ISLAMABAD (Reuters) - Pakistani Prime Minister Imran Khan is heading for Tehran, two government officials said on Friday, weeks after the United States asked him to help mediate between long-time regional foes Saudi Arabia and Iran.
A top official at Khan’s office and another at the foreign office confirmed that Khan was scheduled to fly to neighbouring Iran at the weekend. It was not immediately clear if Khan had agreed to act as mediator.
“The prime minister is leaving for Iran most probably tomorrow, or Sunday,” the official at the PM office said.
They both talked to Reuters on condition of anonymity because the foreign office has yet to make a formal announcement.
Pakistan’s foreign office spokesman, Mohammad Faisal, said on Thursday that Khan might visit Iran and Saudi Arabia.
The Tehran visit comes after Khan last month said U.S. President Donald Trump had asked him to help defuse tensions between Saudi Arabia and Iran. Washington blamed Tehran for a Sept. 14 attack on the world’s biggest crude oil processing facility in Saudi Arabia. Iran denies involvement.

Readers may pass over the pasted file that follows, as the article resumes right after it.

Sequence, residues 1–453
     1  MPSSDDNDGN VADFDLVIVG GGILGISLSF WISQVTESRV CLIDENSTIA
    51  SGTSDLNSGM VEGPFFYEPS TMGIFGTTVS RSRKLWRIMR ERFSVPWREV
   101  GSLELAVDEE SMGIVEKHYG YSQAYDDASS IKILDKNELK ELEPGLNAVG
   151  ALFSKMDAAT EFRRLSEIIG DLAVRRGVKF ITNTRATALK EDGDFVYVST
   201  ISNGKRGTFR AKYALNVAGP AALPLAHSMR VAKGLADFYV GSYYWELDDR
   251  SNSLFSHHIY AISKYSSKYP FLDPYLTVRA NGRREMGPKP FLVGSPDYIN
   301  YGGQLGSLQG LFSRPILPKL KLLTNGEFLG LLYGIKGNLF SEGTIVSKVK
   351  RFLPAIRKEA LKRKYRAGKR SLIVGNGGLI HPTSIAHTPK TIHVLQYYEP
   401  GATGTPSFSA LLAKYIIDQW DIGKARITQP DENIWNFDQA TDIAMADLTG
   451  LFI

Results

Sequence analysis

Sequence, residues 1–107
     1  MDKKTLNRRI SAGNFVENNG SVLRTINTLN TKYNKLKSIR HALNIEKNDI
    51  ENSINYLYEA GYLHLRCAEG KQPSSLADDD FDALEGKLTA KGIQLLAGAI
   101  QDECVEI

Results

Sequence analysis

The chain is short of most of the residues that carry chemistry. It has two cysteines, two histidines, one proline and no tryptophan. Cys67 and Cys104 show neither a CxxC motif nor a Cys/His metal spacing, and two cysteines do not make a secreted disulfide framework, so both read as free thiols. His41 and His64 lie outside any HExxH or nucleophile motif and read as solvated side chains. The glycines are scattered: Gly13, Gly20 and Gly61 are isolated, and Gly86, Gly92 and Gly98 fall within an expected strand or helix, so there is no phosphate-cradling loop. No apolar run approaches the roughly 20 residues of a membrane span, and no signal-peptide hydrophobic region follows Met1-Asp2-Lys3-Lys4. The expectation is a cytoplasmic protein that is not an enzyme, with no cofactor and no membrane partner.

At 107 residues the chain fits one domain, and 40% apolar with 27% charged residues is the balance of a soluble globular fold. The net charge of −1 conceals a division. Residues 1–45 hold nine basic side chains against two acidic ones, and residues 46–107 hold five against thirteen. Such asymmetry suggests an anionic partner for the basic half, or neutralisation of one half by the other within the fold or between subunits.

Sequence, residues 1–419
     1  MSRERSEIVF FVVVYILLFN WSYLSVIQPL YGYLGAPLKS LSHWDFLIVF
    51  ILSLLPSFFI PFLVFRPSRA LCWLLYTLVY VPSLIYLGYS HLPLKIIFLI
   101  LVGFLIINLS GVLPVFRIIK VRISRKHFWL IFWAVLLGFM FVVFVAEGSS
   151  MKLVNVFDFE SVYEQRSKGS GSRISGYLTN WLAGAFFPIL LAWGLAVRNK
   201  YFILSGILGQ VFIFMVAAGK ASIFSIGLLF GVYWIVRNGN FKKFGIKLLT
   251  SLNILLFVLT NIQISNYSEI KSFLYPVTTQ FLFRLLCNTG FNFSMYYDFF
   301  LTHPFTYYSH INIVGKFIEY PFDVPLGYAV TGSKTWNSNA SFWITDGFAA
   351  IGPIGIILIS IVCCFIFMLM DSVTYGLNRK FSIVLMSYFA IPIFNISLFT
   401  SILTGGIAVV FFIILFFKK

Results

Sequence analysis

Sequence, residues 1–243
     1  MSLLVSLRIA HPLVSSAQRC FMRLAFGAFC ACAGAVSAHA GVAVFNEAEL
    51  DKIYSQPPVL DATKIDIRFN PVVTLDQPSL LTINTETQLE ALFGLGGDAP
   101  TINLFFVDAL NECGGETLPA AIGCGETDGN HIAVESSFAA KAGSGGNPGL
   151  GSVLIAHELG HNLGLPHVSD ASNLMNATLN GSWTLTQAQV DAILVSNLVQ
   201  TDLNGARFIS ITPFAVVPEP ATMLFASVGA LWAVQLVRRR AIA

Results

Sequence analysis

An Iranian-owned oil tanker was struck, probably by missiles, in the Red Sea off Saudi Arabia’s coast on Friday, Iranian media said.
The attack, which has yet to be independently confirmed, is the latest involving oil tankers in the Red Sea and Gulf area, and is likely to ratchet up tensions between Tehran and Riyadh, which have been fighting a proxy war in Yemen, at the southern end of the Red Sea.
Reporting by Asif Shahzad; Editing by Nick Macfie